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The Impact of FOMO on Financial Decisions


Published August 1, 2023 • 4 Min Read

In general, money decisions should be made in a mindful, considered way — not as the result of an subconscious reaction. That’s why FOMO, or the “fear of missing out,” can be harmful to personal finances. Read on to learn more about this psychological phenomenon, how it may affect your money decisions, and what you can do about it.

What is FOMO?

Even if you’ve never heard of FOMO, you’ve likely felt it at some time. It’s the sensation of unease or anxiety that comes from feeling like other people are having a better time, getting a great deal or living a better life than you. It can be a moment of discomfort when you hear about a coworker’s promotion or scroll past a friend’s vacation pictures on social media. Like “keeping up with the Joneses” before it, FOMO appeals to emotions and can prey on insecurities.

FOMO originates from the marketing world and hit the mainstream alongside the popularization of social media. It makes sense. Advertisers try and convince you you’re missing out in order to sell their products.

Social media use is connected to FOMO, so it’s crucial to remember that these accounts are curated. Social media posts contain, at best, only part of the true picture.

FOMO and money

When you experience FOMO, you might feel dissatisfied, anxious, restless or sad. The sensation of missing out may spur you to make impulsive or ill-considered decisions.

This is especially dangerous when it comes to managing finances. Usually, money decisions are best made after research and with a clear head, but FOMO can lead to feeling like you must act fast or lose your chance.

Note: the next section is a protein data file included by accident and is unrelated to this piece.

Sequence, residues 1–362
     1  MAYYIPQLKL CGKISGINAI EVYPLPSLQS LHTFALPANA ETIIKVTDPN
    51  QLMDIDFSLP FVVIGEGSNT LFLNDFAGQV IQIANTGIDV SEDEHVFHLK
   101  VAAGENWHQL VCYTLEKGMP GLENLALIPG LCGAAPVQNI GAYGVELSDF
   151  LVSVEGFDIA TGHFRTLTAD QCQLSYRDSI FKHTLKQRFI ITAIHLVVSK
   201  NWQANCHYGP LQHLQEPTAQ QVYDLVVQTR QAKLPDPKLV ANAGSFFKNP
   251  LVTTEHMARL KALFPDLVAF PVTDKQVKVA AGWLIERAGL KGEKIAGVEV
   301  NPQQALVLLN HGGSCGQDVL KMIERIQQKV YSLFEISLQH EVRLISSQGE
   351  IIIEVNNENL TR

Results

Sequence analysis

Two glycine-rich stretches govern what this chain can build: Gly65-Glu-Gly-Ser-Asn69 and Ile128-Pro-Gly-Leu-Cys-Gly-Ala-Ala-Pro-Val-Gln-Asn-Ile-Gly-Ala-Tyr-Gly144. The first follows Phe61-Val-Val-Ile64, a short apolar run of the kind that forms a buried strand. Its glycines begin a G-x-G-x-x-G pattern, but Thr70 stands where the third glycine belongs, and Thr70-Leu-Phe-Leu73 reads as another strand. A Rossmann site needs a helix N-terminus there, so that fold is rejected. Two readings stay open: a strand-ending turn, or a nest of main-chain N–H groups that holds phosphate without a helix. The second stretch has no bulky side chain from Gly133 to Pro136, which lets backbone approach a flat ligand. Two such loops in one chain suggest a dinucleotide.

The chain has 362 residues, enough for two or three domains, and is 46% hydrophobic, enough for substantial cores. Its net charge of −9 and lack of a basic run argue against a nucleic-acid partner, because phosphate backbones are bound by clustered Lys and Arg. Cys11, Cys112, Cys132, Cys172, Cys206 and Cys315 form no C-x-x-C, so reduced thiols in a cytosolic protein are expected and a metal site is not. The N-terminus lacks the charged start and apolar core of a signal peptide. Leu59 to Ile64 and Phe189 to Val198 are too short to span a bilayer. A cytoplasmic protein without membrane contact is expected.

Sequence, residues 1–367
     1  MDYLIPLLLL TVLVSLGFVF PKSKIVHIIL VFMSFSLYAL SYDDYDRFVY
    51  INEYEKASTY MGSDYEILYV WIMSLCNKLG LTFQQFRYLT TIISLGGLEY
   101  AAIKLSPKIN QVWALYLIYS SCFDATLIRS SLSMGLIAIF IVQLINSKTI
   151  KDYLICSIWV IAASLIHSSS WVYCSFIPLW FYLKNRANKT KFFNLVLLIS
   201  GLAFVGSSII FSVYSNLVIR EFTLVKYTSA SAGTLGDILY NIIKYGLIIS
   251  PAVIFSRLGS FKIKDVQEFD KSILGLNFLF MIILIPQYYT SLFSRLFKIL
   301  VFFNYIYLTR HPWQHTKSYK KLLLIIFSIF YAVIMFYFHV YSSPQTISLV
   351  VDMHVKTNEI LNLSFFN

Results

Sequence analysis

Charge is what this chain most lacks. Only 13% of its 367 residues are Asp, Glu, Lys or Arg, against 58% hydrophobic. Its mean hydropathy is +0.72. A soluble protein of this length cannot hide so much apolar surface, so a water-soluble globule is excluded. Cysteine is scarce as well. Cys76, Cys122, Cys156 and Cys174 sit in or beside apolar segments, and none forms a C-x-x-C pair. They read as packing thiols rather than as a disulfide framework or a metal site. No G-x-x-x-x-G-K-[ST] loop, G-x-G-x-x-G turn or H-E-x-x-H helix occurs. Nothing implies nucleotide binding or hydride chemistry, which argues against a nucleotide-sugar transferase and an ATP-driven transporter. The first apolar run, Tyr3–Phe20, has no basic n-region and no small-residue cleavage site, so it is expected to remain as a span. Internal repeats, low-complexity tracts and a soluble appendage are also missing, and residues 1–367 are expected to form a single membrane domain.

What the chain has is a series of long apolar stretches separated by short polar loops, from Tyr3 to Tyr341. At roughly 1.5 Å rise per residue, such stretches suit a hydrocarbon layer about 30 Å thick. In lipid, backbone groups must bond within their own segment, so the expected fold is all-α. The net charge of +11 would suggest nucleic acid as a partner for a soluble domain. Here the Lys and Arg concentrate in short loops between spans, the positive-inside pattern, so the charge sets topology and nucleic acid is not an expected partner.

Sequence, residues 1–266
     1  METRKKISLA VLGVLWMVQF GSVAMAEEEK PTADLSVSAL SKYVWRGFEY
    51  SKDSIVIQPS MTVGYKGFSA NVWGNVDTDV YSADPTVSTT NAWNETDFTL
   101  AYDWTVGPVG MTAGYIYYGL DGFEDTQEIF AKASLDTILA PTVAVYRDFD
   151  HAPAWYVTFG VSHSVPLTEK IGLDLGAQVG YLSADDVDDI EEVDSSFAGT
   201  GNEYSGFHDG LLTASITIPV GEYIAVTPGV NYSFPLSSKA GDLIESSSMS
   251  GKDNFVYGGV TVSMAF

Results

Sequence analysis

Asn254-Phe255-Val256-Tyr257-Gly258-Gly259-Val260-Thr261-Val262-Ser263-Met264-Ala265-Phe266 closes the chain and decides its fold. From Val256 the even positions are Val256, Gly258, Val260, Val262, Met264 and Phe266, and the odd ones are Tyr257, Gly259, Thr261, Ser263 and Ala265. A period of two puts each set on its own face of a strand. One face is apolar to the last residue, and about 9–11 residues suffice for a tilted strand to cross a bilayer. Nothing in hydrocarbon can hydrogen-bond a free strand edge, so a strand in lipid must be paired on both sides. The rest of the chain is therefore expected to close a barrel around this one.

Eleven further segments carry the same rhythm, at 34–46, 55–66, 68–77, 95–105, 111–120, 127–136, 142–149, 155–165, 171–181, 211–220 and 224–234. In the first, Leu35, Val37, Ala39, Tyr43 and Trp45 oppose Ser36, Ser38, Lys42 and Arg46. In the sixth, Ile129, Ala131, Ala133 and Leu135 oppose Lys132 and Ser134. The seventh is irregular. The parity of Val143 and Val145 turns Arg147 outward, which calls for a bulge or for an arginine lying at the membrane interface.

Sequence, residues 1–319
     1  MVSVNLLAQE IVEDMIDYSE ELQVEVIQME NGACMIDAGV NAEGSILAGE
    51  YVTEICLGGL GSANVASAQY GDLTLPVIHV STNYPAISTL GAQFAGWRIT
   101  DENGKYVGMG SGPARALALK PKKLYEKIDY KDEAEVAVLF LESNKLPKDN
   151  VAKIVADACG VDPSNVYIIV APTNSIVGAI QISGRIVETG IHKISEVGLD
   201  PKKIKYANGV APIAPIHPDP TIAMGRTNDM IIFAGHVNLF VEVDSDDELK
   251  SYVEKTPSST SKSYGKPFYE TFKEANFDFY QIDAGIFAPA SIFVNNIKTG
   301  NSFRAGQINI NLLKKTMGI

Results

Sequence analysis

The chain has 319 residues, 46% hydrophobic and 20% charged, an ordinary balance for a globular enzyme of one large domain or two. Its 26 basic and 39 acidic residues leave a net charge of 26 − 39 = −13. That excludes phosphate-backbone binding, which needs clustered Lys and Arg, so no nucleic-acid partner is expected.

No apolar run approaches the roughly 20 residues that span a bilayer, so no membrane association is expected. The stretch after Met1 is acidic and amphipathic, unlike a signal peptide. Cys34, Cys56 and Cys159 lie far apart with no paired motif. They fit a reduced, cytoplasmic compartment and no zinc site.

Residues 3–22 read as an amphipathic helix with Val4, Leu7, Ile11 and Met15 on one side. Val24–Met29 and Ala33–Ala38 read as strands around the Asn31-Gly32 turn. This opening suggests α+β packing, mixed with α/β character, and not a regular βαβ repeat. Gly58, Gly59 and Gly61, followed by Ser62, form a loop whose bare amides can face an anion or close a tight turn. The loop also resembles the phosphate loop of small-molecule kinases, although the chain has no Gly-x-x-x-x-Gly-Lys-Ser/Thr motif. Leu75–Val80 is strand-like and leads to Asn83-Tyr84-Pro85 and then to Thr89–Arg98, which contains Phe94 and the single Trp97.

FOMO may lead to hasty money decisions, including:

  • Impulse spending

  • Excessively risky investments

  • Overspending on social activities or luxuries

  • Making yourself vulnerable to scammers

  • Neglecting savings and retirement planning in favour of immediate spending

How to manage FOMO when it comes to finances

Even simply understanding what FOMO is can empower you to make better financial decisions, but there are some other tactics you can use to improve your outlook.

  • Limit social media. Fear of missing out, along with anxiety, depression, and loneliness, is reduced when you limit your time on social media, according to researchers.1 Additionally, you might consider unfollowing accounts or blocking ads by financial “influencers” who advertise get-rich-quick schemes.

  • Take a time-out. FOMO can have conscious and unconscious causes — some you may aware of at the time and those you may not be. If you feel drawn towards a hasty money decision, give yourself a day or two to consider the matter. It’s important to make conscious choices based on personal financial goals and circumstances.

  • Get a second opinion. If you’re considering an unusual purchase or investment, consult others. This could be a friend, colleague, or financial professional. Remember: If you feel uneasy or embarrassed about sharing your idea, your intuition could tell you something is off.

  • Build an investment strategy. Having an investment strategy — that is, one that’s built on your goals, risk tolerance, and time horizon — can help you stay on track. It’s a good idea to consult with a financial professional both to build your strategy and periodically thereafter to ensure your financial position is where you want it.

FOMO is a surprisingly common experience; you don’t have to let it hijack your well-laid financial plans. Build a financial plan that will work for you and leave the fantasies where they belong — on social media.

1. The Effect of Self-Monitoring Limited Social Media Use on Psychological Well-Being, Behavioral Addiction to Technology. Volume 4, Issue 2. Manuela Ellen Faulhaber, Jeong Eun Lee, and Douglas A. Gentile

This article is intended as general information only and is not to be relied upon as constituting legal, financial or other professional advice. A professional advisor should be consulted regarding your specific situation. Information presented is believed to be factual and up-to-date but we do not guarantee its accuracy and it should not be regarded as a complete analysis of the subjects discussed. All expressions of opinion reflect the judgment of the authors as of the date of publication and are subject to change. No endorsement of any third parties or their advice, opinions, information, products or services is expressly given or implied by Royal Bank of Canada or any of its affiliates.

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